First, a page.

A good friend named Mark recently bought a new truck. To call it a pickup is grossly inadequate. Mark arrived one day in this shiny enormous vehicle with four doors, cushy soft leather seats, a fully digital dashboard with onboard space-like technology, a moonroof that spanned the entire length of both the front and back seats, and automatic retractable step-bars that lower and raise as you open the doors. I’ll admit I was a bit envious as I looked at my aging twelve-year-old Nissan Murano sitting next to it. But after hearing the “great deal” Mark got by paying only $50,000 for a $65,000 priced truck, all envy evaporated. My Murano is free and clear, still looks decent, and reliably gets me everywhere I want to go. Meanwhile, our family savings sits safely secure in investments that generate automatic cash flow. Instead of envy, I now have pride—pride in the benefits of a frugal and rightsized life. [Read more…]
Kathy and I originally met in person at the BAM (Bloggers At Midlife) 2016 conference in Las Vegas. We found each other to be kindred spirits as well as neighbors living in California!
After reading Kathy’s book Rightsizing: A SMART Living 365 Guide To Reinventing Retirement I easily identified the ways I have also rightsized my life. A big key for my semi-retirement was being able to retire from my day job of 32 years at the relatively young age of 55. After paying into the CalPERS (public employees retirement system) for years, I now receive 65% of my income as a pension. [Read more…]
A friend of mine is currently in the midst of selling her long-time family home and moving. Yet while I believe she “gets” the many benefits of rightsizing, I can tell after talking with her that several issues keep popping up that make her hesitant. That’s completely normal, because in many ways, rightsizing is contrary to what most of us have been taught. The good news is that once you know what to keep in mind, rightsizing not only becomes the easiest choice, it is also the one that leads to the greatest benefits.
What do we need to remember when it’s time to make a move? [Read more…]
Just about every day I read a post on Facebook or one of the many blogs I follow about getting older. And while many of them poke fun at the experience, most of the time the posts subtly (or not so subtly!) talk about the drawbacks to aging. But, when you think about it, every single day each of us is getting older—and thankfully so! Consider the alternative. So instead of thinking of life as a gradual decline, maybe it is time to start thinking of how life gets better as we go along—and that the advantages far outweigh the disadvantages. And even though I’m not facing a significant birthday for several months, I decided a good way to prepare was to start focusing on the benefits long before the day arrives. [Read more…]
Last week my post talked about three challenges that I think stand in the way of many of us living gratefully each and every day. What occurred to me from some of the comments and other conversations I’ve had during the week is that there are a number of people who aren’t convinced that we should live either gratefully or happy every single day anyway. What’s interesting to me after all the research I’ve done over the years about creating happiness, is how closely the reasoning to avoid gratitude on a daily basis appears the same. That led me to explore some of the more common myths that exist for happiness—and observe at how those same myths apply to living thankfully 365. [Read more…]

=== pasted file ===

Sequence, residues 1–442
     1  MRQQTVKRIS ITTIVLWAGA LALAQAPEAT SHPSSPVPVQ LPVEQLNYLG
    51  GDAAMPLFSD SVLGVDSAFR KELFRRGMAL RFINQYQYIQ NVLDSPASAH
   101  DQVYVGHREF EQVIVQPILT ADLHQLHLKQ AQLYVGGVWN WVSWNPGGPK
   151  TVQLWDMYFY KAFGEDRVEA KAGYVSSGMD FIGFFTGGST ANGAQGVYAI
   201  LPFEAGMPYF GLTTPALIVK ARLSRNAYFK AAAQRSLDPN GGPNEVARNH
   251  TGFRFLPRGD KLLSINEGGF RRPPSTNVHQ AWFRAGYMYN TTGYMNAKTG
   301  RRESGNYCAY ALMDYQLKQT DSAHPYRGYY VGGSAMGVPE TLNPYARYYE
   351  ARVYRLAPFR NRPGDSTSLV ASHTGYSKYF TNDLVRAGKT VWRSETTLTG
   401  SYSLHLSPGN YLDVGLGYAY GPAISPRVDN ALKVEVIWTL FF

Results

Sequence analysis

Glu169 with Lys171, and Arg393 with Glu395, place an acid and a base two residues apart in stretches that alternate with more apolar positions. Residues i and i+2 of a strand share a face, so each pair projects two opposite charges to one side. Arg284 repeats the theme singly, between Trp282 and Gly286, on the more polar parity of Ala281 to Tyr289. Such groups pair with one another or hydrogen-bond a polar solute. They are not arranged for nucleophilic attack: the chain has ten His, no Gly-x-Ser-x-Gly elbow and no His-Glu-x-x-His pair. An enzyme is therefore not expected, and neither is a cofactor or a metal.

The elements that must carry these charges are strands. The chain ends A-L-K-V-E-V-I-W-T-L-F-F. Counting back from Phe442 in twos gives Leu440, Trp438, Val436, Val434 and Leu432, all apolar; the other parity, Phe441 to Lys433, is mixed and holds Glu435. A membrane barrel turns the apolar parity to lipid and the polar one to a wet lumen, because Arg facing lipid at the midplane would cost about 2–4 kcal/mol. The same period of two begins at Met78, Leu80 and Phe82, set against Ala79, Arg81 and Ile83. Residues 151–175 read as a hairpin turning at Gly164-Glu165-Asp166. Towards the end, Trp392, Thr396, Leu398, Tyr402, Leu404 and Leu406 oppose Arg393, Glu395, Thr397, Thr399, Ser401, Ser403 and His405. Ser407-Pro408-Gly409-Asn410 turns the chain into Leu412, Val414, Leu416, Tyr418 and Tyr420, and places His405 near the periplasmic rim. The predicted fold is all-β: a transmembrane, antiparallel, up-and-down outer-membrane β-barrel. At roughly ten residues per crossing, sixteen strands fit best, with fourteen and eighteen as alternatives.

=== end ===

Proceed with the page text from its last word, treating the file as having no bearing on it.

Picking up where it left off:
My husband Thom is much more of a Taoist than I am. In case it’s new to you, Taoism (pronounced Dow-ism) is an ancient Chinese teaching originally developed from a book written over 2,500 years ago by a man named Lao Tzu. Often referred to as “The Way,” Taoism emphasizes a harmonious relationship between nature, humanity and the divine. Put another way, Taoism is a path to simple, SMART and sustainable living. This year Thom decided to make the book The Tao of Pooh part of his summer reading. After quickly absorbing the content, he urged me to read it as well. I was surprised to discover that The Tao of Pooh offered both an entertaining and unique perspective on Taoism, as well as a number of simple living lessons that I thought any minimalist might appreciate.
“Living simply is not about living in poverty or self-inflicted deprivation. It’s about living an examined life where one has determined what is truly important and enough…and then just let go of all the rest.” ~Duane Elgin
Last week, after publishing my article on Rightsizing vs. Downsizing, a discussion came up while talking with friends at Happy Hour. I could tell that even though everyone agreed that going debt free was a wonderful element of rightsizing and simple living, most felt it was out of reach for the average family. That was a great reminder that rightsizing isn’t just about the size of your house, your car, or your credit limit—instead, rightsizing touches every area of your life including (and maybe especially) your finances. In fact, once a person learns to manage their money—both expenses and income—rightsizing the other areas of life will come more easily. Down the line, a person can eventually achieve the ultimate goal of rightsizing, which is to live a life that uniquely fits and brings the greatest amount of peace, contentment and joy to that individual and family. [Read more…]